Allergies and the connected world

Allergies and the connected world 


The modern society offers many technological advances making our lives easier. One of the perks is the possibility to travel in remote areas on the world effortlessly, as easy as buying an air ticket on a travel website. What people might not realize when they board a plane, is that they can share the flight with myriad of microscopic passengers also enjoying the technological progress to their own benefits. Similarly to humans, they can visit new places, establish a new population, expand their ranges, and interact with other organisms through various means. House dust mites are not an exception. They can easily travel on passengers' clothes, skin, food, and baggage. These little creatures are responsible for causing allergic disease in 65 million to 1.2 billion people worldwide. But what is the link between allergy and the ongoing process turning our planet into a giant interconnected network? 


Researchers at the University of Michigan and Tyumen State University conducted a study examining the level of connectivity between mites' populations in the USA and Asia. We studied genetic variation in the group 1 allergen gene, encoding the most important allergy causing protein. Inactive form of this protein is used in every clinic in the world as part of the standard skin prick test. Briefly, a small amount of this protein is administered under the skin; if there is an immune response, then house dust mites are blamed for the patient's allergy. If the test does not include local variants of the protein, then it can be inaccurate. Surprisingly, geographic variation of group 1 allergen protein has not been studied in the USA, although the data are available for other countries: the UK, Australia, China, Korea, and Thailand. Aside for the medical significance, knowing variation of the group 1 allergen gene can shed some light on the pattern and frequency of mite migration. The presence of common mutations across mite populations would indicate a greater connectivity between populations, while the presence of unique and geographically isolated mutations would suggest a greater level of separation between the mite populations and their inability for intercontinental dispersals. In other words, every time a mite successfully migrates to a new place, it brings its own genetic signature that can be detected in the acceptor population a long time after the migration event. If migrations are very frequent, the majority of mutations will be shared, erasing all geographical structure from the original populations. One can say that there is a single panmictic population, even though the mites are separated by the ocean. 


What we have found suggests that mites' populations are indeed linked through migration across continents, although, they were not entirely panmictic – geographic differences still can be detected. Our study was focused on two most important species, the American and the European house dust mites. Both mite species have global distributions, but the former, as its name implies, is more abundant in the USA. These two species have separated from each other nearly 81 million years ago, much before the origin of humans (4.1 Mya based on fossil evidence). This is enough time to accumulate many mutations in the group 1 allergen gene and form many geographically isolated variants in the absence of frequent dispersals.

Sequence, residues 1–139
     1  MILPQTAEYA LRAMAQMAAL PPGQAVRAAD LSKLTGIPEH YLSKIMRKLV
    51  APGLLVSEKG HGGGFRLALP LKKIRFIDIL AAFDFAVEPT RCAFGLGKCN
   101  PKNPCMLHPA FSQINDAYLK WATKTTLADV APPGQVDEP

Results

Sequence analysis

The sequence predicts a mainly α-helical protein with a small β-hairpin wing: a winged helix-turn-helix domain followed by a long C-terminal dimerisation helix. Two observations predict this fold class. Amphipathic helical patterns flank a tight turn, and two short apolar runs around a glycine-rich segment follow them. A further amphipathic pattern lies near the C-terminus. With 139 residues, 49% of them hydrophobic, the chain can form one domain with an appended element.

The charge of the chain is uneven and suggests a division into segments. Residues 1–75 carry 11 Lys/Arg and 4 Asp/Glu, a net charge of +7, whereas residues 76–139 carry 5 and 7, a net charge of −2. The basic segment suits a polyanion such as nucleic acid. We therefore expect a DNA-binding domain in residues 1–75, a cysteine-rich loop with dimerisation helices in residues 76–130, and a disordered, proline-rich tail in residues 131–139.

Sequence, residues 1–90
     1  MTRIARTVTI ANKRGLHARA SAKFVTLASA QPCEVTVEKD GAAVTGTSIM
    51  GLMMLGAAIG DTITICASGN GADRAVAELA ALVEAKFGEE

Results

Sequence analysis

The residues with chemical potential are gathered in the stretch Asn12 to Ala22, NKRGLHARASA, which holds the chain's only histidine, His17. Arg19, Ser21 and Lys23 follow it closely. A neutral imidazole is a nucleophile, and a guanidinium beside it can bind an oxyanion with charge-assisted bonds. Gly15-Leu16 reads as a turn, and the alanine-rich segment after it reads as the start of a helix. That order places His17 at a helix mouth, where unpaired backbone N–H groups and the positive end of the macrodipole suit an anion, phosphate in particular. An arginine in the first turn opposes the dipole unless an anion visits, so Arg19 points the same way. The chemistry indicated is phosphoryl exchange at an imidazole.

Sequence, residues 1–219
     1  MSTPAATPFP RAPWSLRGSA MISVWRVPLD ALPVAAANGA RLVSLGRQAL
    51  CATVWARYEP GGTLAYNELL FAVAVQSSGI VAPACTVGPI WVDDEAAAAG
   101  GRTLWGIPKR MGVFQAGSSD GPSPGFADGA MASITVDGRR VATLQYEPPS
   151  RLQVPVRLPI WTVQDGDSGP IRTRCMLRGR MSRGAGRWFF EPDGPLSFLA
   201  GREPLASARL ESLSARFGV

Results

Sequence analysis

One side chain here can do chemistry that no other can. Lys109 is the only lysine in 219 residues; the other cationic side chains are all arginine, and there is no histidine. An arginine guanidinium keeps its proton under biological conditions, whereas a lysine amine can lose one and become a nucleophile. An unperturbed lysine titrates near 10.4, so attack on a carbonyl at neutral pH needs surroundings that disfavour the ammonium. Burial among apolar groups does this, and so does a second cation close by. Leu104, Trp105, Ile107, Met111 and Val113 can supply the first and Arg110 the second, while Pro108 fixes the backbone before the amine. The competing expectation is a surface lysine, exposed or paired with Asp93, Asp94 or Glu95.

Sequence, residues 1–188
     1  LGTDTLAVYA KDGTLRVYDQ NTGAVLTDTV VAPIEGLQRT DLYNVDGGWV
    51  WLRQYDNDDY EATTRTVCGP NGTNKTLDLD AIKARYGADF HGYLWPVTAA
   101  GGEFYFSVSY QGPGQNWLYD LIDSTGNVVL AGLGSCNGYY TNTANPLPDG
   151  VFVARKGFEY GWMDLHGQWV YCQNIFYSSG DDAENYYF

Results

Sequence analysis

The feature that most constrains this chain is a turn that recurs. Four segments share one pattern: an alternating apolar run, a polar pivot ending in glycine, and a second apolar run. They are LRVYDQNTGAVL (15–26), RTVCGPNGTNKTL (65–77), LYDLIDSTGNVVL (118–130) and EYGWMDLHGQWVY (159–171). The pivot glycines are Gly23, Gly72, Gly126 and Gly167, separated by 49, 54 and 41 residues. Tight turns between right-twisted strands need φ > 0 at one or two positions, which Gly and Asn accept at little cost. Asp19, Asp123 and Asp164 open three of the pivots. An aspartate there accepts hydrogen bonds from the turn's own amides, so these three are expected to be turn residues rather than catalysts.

Based on our research, the majority of mutations were silent, meaning that they occur at the DNA level, without changing amino acid structure of the group 1 allergen protein. This is good news. Only mutations at protein level would have a medical significance because they can cause changes in allergenic properties. Knowing this, we intensely hunted for mutations changing structure of the protein. For this purpose, we used a more accurate technique, greatly increasing the detection success and decreasing error rates. The most unexpected result was the finding of a previously unknown mutation (tryptophan to arginine), occurred at the active site of the protein at position 197. This was a rare mutation, found only in a single population of the American house dust in Southern Asia. Based on bioinformatics analysis, this mutation might alter the enzyme activity, but allergenic properties, immune response, and cross-reactivity of the protein are unknown. Follow-up experiments to elucidate these issues are underway in our lab.

   
House dust mites have been around a long time before the origin of humans. Nests of birds and mammals, having conditions resembling those of human habitations, are their natural habitat. House dust mite populations are currently admixed via human activities, so rare geographical variants can spread across the entire range of mites. No one can predict how this can affect allergy sufferers. In order to understand this process and risks associated with it, more investigations are needed. Most importantly, we need to have a better idea about the diversity of allergenic proteins around the world, and in particularly in the USA. 


This research was conducted at the Prof. Barry OConnor's laboratory at the University of Michigan by Rubaba Hamid and Pavel Klimov, a Leading Researcher of Tyumen State University Acarology Laboratory. This work was supported by the US National Science Foundation, Higher Education Commission (HEC) and International Research Support Initiative Program (IRSIP) in Pakistan, the Ministry of Education and Science of the Russian Federation, and the US National Pediculosis Association (NPA). 


Manuscript title: Group 1 Allergen Genes in Two Species of House Dust Mites, Dermatophagoides farinae and D. pteronyssinus (Acari: Pyroglyphidae): Direct Sequencing, Characterization and Polymorphism  
Journal: PLOS ONE

Authors: Rubaba Hamid Shafique, Pavel B. Klimov, Muhammad Inam, Farhana Riaz Chaudhary, and Barry M. O’Connor